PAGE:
Kanye West was just 20 when he shocked the hip-hop world with his debut album, The College Dropout. The 76-minute record broke the unwritten rule that real rap had to be about hardcore street culture. There he was: a geeky college dropout, baring his soul about the education system’s failings while the competition paid their bills with criminal play-by-plays. In every step of his storied career that would follow, Kanye kept flipping the script. He pushed fans’ buttons designing ugly sneakers; he totally switched his sound with the 2013 album, Yeezus; even when he failed at trying to become President of the United States, he set off a lasting conversation about problems in our political system.
Several decades into this fabled run, West finds himself in the middle of a second consecutive grandiose album rollout — this one for “Donda 2,” which he has publicly planned to release exclusively on a stem player in subversion of money-hungry streaming services — and his disruptive track record remains intact. West’s mythos has hinged upon, up to now, a potent sort of outspoken vigilante heroism; whether it has presented itself in the form of acceptance speech interruptions, grassroots academic institutions, or sprawling initiatives set to bridge age-old secular-religious gaps, a consistent sentiment has seemed to shine through: as big of a narcissist as he may be, Kanye West cares just as much about everyone else as he does himself. But as of late, this care for others — namely, Pete Davidson, the SNL comic going out with his ex-wife — has crossed the boundary from care to obsession. And with the way he’s going about it, this time, his “heroism” is going from somewhat inspiring to completely dangerous. Kanye is reforming social media before our eyes. He proves its function, limitations, and capacity to mobilize his mob of fans with every tweet or post. Kanye’s recent beef with Davidson is just the latest in a string of iFights. It’s also the most threatening — and the most responsibility has been placed on us to not follow suit.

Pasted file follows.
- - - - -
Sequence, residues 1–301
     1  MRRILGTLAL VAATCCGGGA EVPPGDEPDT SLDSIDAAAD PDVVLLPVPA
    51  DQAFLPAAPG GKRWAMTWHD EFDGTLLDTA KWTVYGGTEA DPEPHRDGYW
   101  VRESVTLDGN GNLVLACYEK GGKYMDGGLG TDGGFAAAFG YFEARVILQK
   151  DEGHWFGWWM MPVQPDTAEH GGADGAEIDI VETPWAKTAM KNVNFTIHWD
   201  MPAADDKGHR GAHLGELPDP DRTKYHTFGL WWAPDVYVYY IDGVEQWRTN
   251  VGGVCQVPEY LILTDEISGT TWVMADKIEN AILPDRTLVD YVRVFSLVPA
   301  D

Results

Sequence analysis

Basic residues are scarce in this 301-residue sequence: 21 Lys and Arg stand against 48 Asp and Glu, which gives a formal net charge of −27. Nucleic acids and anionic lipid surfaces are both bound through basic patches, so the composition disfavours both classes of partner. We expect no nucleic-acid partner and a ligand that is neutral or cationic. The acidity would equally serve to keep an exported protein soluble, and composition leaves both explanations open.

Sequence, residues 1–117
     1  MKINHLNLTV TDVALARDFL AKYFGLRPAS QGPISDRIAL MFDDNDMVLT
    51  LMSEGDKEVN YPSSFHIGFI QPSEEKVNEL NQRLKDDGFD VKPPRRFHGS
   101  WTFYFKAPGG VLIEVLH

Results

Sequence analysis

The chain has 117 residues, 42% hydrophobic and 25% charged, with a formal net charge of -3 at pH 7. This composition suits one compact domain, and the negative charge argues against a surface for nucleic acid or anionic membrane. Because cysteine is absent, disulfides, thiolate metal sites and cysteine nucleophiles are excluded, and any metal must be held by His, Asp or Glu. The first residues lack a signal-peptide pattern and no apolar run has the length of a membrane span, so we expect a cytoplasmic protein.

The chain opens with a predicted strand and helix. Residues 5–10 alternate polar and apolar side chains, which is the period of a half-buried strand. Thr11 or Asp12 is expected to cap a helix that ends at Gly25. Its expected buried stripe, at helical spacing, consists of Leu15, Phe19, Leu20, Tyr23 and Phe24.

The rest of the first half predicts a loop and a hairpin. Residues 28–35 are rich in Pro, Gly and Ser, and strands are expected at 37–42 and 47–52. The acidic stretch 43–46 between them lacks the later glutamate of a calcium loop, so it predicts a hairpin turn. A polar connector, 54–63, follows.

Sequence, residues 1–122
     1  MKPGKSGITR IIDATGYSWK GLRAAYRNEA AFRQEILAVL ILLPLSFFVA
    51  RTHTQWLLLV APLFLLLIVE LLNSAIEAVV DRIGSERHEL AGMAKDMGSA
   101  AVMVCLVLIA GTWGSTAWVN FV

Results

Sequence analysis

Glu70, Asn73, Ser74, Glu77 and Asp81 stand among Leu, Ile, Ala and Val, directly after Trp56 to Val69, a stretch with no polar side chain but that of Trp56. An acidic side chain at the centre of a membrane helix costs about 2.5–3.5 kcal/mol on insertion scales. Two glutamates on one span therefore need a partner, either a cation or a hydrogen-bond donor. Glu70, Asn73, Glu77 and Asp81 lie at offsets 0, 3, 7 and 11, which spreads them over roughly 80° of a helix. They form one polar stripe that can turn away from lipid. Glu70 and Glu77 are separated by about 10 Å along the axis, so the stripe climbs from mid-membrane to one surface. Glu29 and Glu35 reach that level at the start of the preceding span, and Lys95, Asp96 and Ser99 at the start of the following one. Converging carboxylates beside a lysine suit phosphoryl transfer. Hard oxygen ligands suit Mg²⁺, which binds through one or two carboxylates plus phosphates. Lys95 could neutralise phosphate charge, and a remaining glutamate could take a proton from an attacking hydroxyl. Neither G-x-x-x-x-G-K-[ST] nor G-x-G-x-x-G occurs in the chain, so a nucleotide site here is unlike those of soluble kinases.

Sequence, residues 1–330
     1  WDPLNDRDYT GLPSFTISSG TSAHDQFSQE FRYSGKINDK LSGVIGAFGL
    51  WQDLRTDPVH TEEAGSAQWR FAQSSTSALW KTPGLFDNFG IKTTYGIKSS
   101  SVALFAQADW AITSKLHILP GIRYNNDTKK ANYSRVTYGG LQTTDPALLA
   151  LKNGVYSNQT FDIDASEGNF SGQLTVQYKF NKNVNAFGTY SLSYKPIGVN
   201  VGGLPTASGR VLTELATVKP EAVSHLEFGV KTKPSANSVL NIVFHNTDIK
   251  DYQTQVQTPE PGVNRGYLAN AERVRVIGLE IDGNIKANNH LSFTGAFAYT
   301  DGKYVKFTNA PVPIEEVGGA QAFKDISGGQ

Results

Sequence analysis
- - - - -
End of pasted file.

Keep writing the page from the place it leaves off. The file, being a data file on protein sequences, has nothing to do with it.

“There are dangerous people out there and this is scary but it doesn’t have to be,” Kardashian texted Kanye in one of several SMS screenshots posted to his Instagram account.
Her message was in response to a barrage of funny-yet-threatening jabs Kanye had taken at Davidson in a stream of late-night ‘grams. Another time, she pleaded with him: “Why can’t you keep any of our conversations private???” The fact that I know how Kanye responded tells you his reaction.
Social media is an online highlight reel. At first, Instagram was for posting fit pics, not familial exposés. The generation that grew up using it that way will probably keep doing that. But the legion of young people growing up in a digital space of Kanye’s design — the invasive Twitter tirades and memeified Instagram beefs — will learn to post like him. It’s not a stretch to picture a tearful sixth-grader, upset at their parents for punishing them after a poor report card, using their first cell phone to spread sensitive family information across the internet.
We’re witnessing the end of social media. It isn’t Kanye’s fault; he just happens to be one of several casualties of a dying system. More and more, as public figures learn to play with the limits, the internet cannot reinvent itself quickly enough. Soon, self-serving social media meltdowns won’t only happen to high-profile celebrities. Everyone will be able to do it.
As of right now, it seems as if Kanye is taking it down a notch.
“I know sharing screen shots was jarring and came off as harassing Kim,” he wrote in a caption, lowercased for the first time since his tirade began, to one of his most recent Instagram posts. “I take accountability. I’m still learning in real time. I don’t have all the answers. To be (a) good leader is to be a good listener.”
Kanye almost never apologizes. But remember the last time he cooled his jets? It probably won’t last long. Going forward, every time Kanye and famous people like him start acting out on social media, they risk bringing more people down the rabbit-hole with them. Our civic duty is to make sure we don’t take the bait.